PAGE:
This graph illustrates the performance of compressor models during the minimum temperature test. You can see here that the ARB's temperature fluctuated wildly.
This graph illustrates the performance of compressor models during the minimum temperature test. You can see here that the ARB's temperature fluctuated wildly.

Additionally, the ARB is rated to be used only in temperatures over 70º F, which doesn't leave a lot of wiggle room for chilly nights. Its only redeeming temperature control feature in our eyes is that it took the least amount of time to reach its minimum temperature of any in our review. However, as that minimum temperature is nearly 10º F above the second place contender (the Dometic) for that test, this first place medal seems to shine less brightly.

Insulation


Though the ARB gained the least heat during our 36-hour insulation test, it also was starting at the highest temperature. Whereas all the other models actually reached their mid-30s setting, the ARB failed to do so, and therefore began the insulation test at a non-USDA-safe temperature of 46º F! The ARB also isn't quite as rugged as some of the beefier models we tested like the Dometic and Whynter, and specifically states you may not use it as a seat, which we are personally bummed about (pun intended). It's still built pretty solidly though, and just like the Dometic, features a 2 pole auxiliary plug hidden under the DC collar that can be used to more securely attach it to an energy source for bumpy adventures.

Thick walls help hold in the cold  as does the fully sealing lid.
Thick walls help hold in the cold, as does the fully sealing lid.

Energy Consumption


One of the most power-hungry coolers we tested, the ARB gobbles a whopping 64.3 watts, just one watt less than the hungriest model, the Whynter. However, the Whynter also features a Low Power mode, that draws only 35.5 watts, saving power when you need it. The ARB has no such option. It does have an impressively large book as a user manual, though, that is actually helpful and thorough - an important feature for an appliance such as this. Unfortunately, said manual specifically states that many vehicles are not capable of providing the required energy load. Be sure to check your vehicle before you buy!

Separate AC and DC plugs and a replaceable fuse are located on the back of the ARB. Note the handy cord holding slots on the sides.
Separate AC and DC plugs and a replaceable fuse are located on the back of the ARB. Note the handy cord holding slots on the sides.

Ease of Use


The second-largest cooler we tested in this review, the ARB is one of the few models that has a spot-on capacity claim to match its actual dimensions. We fit a full 72 cans inside this spacious chest. The ARB comes with AC and DC cords and an AC adapter to extend the length of the DC cord. It also has a drain and internal light, which are handy. However, we weren't big fans of the asymmetrical basket, which is incredibly hard to get out when it's full, and the divider fits very loosely, making it difficult to keep it in place. It also opens length-ways, which is less convenient both for getting objects out and for the extra headspace you need to open it. Additionally, the manual states that you must use the mounting hardware, and you can't take this cooler anywhere without permanently mounting it, which we think takes it off the plate for the casual user.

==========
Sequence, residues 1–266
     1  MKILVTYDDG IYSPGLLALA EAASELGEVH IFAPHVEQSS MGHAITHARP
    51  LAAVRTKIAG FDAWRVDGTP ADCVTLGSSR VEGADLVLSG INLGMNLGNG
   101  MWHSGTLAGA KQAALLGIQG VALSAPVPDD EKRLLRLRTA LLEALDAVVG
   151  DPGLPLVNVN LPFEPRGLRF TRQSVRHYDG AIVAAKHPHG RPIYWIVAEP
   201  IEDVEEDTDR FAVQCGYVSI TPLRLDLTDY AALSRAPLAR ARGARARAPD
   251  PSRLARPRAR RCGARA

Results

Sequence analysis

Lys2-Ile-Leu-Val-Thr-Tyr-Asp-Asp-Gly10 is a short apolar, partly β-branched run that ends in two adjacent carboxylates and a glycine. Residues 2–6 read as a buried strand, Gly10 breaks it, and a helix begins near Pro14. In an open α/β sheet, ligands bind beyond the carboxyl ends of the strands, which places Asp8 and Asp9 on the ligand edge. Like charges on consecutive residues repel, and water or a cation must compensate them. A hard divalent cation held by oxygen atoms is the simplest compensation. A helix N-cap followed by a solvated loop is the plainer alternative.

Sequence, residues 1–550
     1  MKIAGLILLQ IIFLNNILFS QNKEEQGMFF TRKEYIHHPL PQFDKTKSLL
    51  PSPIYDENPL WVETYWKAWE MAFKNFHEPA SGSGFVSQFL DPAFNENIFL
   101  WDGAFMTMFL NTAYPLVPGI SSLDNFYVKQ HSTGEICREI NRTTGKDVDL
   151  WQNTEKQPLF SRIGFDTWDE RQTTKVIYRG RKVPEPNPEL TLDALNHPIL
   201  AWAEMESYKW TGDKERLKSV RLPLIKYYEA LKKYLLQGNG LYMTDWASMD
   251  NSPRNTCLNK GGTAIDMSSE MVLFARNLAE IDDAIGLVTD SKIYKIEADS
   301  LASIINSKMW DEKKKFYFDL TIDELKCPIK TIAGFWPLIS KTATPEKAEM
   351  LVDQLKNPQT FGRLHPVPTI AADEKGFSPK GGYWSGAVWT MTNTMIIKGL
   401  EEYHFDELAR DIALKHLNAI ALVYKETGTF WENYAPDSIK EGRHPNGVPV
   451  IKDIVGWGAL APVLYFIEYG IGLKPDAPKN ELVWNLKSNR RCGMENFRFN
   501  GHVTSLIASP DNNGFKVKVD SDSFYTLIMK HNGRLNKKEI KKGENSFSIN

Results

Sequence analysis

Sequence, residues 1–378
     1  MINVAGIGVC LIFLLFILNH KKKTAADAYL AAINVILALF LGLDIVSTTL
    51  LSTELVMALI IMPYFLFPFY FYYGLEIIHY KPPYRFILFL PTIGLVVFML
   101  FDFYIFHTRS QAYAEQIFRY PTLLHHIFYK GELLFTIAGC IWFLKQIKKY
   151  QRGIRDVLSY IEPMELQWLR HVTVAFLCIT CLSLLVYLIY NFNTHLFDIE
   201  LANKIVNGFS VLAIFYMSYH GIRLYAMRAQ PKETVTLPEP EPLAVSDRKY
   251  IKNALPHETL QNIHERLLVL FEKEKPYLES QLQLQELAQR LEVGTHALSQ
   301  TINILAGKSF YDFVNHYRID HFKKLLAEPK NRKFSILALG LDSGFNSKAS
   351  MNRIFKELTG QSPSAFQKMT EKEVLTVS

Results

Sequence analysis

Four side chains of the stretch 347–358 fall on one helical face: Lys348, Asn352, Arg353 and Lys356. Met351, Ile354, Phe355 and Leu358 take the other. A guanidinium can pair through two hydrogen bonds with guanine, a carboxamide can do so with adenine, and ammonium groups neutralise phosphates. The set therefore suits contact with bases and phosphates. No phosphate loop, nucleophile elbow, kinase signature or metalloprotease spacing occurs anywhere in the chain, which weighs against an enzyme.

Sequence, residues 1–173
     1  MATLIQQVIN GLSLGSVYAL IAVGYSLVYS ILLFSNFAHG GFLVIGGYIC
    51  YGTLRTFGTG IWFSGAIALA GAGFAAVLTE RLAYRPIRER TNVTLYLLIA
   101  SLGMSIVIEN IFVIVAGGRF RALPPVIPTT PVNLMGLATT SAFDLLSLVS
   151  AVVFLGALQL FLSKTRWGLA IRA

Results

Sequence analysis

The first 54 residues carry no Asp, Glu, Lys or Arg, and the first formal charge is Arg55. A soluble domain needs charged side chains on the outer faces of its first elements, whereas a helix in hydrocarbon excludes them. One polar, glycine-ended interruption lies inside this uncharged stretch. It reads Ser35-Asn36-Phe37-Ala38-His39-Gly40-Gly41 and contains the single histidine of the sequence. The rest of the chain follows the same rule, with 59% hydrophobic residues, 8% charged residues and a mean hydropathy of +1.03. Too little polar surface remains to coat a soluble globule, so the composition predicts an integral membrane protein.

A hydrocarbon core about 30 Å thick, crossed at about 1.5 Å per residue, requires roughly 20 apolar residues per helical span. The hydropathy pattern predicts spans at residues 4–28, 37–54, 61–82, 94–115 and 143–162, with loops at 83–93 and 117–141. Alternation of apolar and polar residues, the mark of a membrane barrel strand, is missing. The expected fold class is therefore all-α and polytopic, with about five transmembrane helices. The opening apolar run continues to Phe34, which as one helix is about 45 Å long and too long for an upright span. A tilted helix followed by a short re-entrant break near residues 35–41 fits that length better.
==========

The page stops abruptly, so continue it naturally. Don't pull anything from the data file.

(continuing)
A big beefy latch seals in your contents but also takes a little getting used to.
A big beefy latch seals in your contents but also takes a little getting used to.

Portability


This cooler is heavy! Clocking in at just under 50 lb, the ARB is an asymmetrically-weighted beast. It does have sturdy handles for lifting but is an awkward shape that we don't love. Though the ARB comes with three cords, as previously mentioned, they're the shortest cords of any compressor model we tested, at just 6'. However, if you have access to AC power, you can string together the DC cord and AC adapter to get an impressive 15' 3".

The bottom of the ARB  showing its feet  mounting hardware  and the bottom of the drain.
The bottom of the ARB, showing its feet, mounting hardware, and the bottom of the drain.

Features


The ARB has hardware on the bottom for easy mounting, which we appreciate. The 2 pole auxiliary power socket under the DC socket increases the range and usefulness of this cooler. At the time of writing, ARB also offers the longest manufacturer's warranty of any model we tested - three years! That's a pretty nice perk for an appliance that costs over $1000. However, the ARB is by far the loudest compressor cooler we tested. The manual claims 50 dbA, and though we didn't actually measure noise emissions, we found this one to be quite annoying to sit next to.

The drain and plug in the ARB are both made of hard plastic. This model isn't rated to have liquid sloshing around inside  so the drain only serves to facilitate easy cleaning.
The drain and plug in the ARB are both made of hard plastic. This model isn't rated to have liquid sloshing around inside, so the drain only serves to facilitate easy cleaning.

Best Applications


The ARB could be a good fit for a boat, where it can be permanently mounted with a lot of space to open its tall lid and less concern about the amount of power it draws. But several other models we tested could also be used on a boat while performing better and costing less.

The light in the ARB is located above the large  main compartment to help you find what you're looking for.
The light in the ARB is located above the large, main compartment to help you find what you're looking for.

Value


The ARB scored at the bottom of the compressor cooler stack. It's really just not an impressive model on any level, yet costs over $1000. Unfortunately, this cooler isn't a high-value cooler, though we certainly hope that future versions may be better performers.

Conclusion


The ARB is not an impressive cooler when stacked up against the competition. Its temperature control is lacking, its energy use is high, and its portability is a pain. And to top it all off, it's the most expensive model we tested!

Not our favorite compressor model  the ARB still does the job.
Not our favorite compressor model, the ARB still does the job.

Other Versions and Accessories


ARB makes many other sizes of cooler as well as remote monitors for them. They also sell fitted slide mounts and insulation bags for their coolers.


Maggie Brandenburg